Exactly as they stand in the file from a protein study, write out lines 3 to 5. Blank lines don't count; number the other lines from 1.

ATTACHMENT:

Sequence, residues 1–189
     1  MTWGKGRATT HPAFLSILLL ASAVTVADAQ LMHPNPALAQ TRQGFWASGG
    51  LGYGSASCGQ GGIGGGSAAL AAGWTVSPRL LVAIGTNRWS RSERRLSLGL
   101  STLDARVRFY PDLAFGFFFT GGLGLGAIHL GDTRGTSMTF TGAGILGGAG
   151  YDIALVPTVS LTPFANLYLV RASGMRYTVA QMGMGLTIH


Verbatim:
    51  LGYGSASCGQ GGIGGGSAAL AAGWTVSPRL LVAIGTNRWS RSERRLSLGL
   101  STLDARVRFY PDLAFGFFFT GGLGLGAIHL GDTRGTSMTF TGAGILGGAG
   151  YDIALVPTVS LTPFANLYLV RASGMRYTVA QMGMGLTIH